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Reddish scale insects that are circular, flattened and about 1.5-2 mm in diameter, may be present on the stems, leaves and fruit of citrus and other host plants.
Citrus leaves as well as the leaves of some other host plants show characteristic yellow spots around each reproducing female. This may be followed by leaf drop and defoliation, accompanied by the dying back of twigs and eventually large branches (Bedford, 1998). Maturing citrus fruit can become completely encrusted with all stages of red scale. Such fruit start to dry out and fall off the tree (Bedford, 1998).
The entire trunk can become heavily infested with red scale, especially in the case of young citrus trees. This often leads to a severe set back of the tree, branches and even the tree dying (Bedford, 1998).
Due to the variable regulations around (de-)registration of pesticides, we are for the moment not including any specific chemical control recommendations. For further information, we recommend you visit the following resources:
A. aurantii has been the most notorious pest on citrus in many citrus producing countries in the world. The literature on this pest is very extensive, most of the research work having been conducted in California, USA. Excessive populations can build up very rapidly and, as the saliva injected during feeding is exceptionally toxic to the plant tissues, considerable damage can result, including the shedding of leaves and fruit, the dying back of even large branches and the death of young trees (Bedford, 1998). This pest has often been very difficult to control. Oil sprays and fumigation with hydrocyanic acid gas were the recognized methods of control for many years. During recent years there has been an increasing effort to maintain red scale under biological control especially in California, Australia, Israel and South Africa (Bedford, 1998).
According to Outspan International, no more than six scale insects of 1 mm diameter or larger (of any species) are allowed per average-sized orange for Export Grade (count 88), or 10 insects per grapefruit (count 40). For lemons and soft citrus, the figures are five and four scale insects on counts 113 and calibre 3, respectively, which are allowed per average-sized fruit for Export Grade. As a population density of only 50 females per 100 fruit results in culls of nearly 1% (1% of crop rejection for export in the packhouse), any increase above this level soon entails commercial losses. When red scale infestations are exceptionally heavy, cull can reach 100% at a scale density of 7700 per 100 fruit (Bedford, 1971).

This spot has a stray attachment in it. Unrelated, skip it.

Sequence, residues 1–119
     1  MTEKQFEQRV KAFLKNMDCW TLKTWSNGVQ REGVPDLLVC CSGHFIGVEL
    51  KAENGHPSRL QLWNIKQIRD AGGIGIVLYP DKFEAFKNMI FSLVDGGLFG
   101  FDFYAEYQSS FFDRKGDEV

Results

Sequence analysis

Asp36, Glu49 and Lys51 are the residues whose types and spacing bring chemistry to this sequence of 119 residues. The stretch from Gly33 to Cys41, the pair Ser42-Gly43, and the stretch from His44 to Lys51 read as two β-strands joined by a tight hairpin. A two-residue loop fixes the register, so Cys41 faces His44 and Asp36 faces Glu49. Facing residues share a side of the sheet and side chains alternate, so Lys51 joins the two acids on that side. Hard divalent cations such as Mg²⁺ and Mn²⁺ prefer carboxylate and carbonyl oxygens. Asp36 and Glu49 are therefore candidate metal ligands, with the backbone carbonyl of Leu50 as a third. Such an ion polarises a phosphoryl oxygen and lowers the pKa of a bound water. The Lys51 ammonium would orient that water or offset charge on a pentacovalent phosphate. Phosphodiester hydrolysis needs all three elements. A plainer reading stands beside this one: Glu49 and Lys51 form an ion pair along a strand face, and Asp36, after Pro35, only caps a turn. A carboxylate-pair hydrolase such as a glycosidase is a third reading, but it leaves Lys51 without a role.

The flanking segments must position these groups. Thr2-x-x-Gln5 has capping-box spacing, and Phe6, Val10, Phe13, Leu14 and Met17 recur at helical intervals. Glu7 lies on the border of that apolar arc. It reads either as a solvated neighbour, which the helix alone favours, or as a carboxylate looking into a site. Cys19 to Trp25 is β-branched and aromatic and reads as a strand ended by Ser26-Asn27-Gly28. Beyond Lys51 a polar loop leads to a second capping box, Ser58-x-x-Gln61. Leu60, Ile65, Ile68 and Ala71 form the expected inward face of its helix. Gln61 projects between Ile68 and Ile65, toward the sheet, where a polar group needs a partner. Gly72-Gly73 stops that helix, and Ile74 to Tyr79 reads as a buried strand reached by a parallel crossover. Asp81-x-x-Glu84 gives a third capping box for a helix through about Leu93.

In cases of severe infestations, developing scales form prominent pits on young fruit which are still evident when the fruit matures. Another culling factor results from dead scales which are still attached to the fruit because corrective sprays were not applied when necessary. Severe infestations can also reduce the final crop and the following year's crop by defoliation and dieback (Bedford, 1998).
Damage to the Tree
Heavy infestations of red scale are very toxic to the leaves, twigs, branches and fruit of citrus trees, most probably due to the action of the salivary juice. The red scale feeds by inserting its mouthparts deep into the plant tissue and sucking the parenchyma cell sap (Bedford, 1998).
As a severe infestation increases, the leaves show characteristic yellow spots around each reproducing female, followed by leaf drop and defoliation, accompanied by the dying back of twigs and eventually large branches. Maturing fruit can become completely encrusted with all stages of red scale and start to dry out and fall off. Even the entire trunk can become heavily infested, especially in the case of young citrus trees. Newly planted trees may be severely set back, or even killed if the branches die back. Furthermore, neglected heavy infestations lower the production of an orchard (Bedford, 1998).